ONS Christmas present to Chancellor: a slump in nominal GDP
The final release of economic figures for 2015 does not make happy reading for the Chancellor.
Headline GDP for 2015Q3 is revised down to 0.4% from 0.5%; Q2 was 0.5%. On the annual measure comparing with the same quarter a year ago, growth is now 2.1%, revised down from 2.3%.
This really does little more than re-affirm what we already knew: growth slowed into 2015 after a surge in 2014.
But the nominal (i.e. cash) revisions are more striking. On the same quarter a year ago, growth in 2015Q3 is now estimated at 2.1%, last month the same figure was estimated at 3.4%. The change follows a major revision to the GDP deflator, which now shows 0.1% when last month it was 1.2%. ONS tell me this change was driven mainly by reassessment of government and GFCF deflators.
As the chart below shows, nominal GDP has now slowed abruptly from around 5 per cent at the start of last year to 2 per cent, with both slower real growth and the deflator now in near deflationary territory:
GDP measures, growth quarter on year ago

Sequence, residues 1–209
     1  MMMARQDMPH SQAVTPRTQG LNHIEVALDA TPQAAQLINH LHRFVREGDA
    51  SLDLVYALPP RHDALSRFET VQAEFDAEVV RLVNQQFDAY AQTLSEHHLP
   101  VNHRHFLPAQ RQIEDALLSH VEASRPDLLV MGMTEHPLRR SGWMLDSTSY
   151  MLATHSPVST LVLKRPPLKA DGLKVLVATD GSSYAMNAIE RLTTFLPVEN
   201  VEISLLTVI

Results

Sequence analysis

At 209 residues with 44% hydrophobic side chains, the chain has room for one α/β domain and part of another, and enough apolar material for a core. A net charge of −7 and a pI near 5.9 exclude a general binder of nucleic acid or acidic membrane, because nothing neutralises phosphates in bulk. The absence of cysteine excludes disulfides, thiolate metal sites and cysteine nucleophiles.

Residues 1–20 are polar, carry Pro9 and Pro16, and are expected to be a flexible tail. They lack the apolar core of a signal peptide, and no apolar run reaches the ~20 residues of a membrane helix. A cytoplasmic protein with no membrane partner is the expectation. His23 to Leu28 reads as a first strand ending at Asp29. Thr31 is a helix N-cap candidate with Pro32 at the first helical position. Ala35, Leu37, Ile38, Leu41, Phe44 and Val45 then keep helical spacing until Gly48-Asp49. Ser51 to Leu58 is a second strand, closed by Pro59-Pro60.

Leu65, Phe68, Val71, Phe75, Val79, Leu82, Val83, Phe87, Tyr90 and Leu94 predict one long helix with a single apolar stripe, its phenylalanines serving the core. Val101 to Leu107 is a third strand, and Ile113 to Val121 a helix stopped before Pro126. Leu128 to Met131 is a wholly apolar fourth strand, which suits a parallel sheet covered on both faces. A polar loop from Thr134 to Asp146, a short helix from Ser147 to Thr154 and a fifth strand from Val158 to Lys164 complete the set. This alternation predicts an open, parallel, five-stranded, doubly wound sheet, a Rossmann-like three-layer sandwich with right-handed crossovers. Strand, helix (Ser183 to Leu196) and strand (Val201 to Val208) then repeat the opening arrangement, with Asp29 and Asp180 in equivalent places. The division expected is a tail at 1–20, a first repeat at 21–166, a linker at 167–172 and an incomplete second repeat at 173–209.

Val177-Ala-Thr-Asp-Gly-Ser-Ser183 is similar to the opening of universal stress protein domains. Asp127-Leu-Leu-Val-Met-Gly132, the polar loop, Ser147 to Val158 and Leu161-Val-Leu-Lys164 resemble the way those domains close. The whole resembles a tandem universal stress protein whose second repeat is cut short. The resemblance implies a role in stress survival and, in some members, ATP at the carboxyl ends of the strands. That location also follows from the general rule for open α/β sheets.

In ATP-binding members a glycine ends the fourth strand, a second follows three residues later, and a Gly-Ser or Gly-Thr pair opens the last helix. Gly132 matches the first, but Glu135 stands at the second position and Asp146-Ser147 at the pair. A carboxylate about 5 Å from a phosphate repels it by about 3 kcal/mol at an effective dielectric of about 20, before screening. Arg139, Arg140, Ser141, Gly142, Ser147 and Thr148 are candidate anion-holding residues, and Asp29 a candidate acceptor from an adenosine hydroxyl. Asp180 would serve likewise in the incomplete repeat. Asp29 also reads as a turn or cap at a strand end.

In fact nominal GDP growth has only been slower on two occasions: over the financial crisis of 2008-2009 and a one-off in 1958.
The other striking feature of the data set is a very low saving ratio: at 4.4 per cent in 2015Q3, the same as in 2015Q1. Over the three quarters of 2015 the average saving ratio is 4.6 per cent, no calendar year on records that extend to 1963 have shown a lower reading. We all know why this is – continued reliance on consumer spending and the cumulative effect of the slump in wages growth since the crisis (notwithstanding any recent gains). In the meantime secured and unsecured household debts continue to rise to new highs.
The GDP figures must help explain why the improvement in the public sector finances have seemingly stalled, with revenue growth slowing quite abruptly. The evidence that the recovery (so ingeniously engineered to coincide with the election) is running out of steam continues to mount. Deflationary concerns have not gone away, and the wider ramifications may now be emerging. 2016 is likely to be no picnic.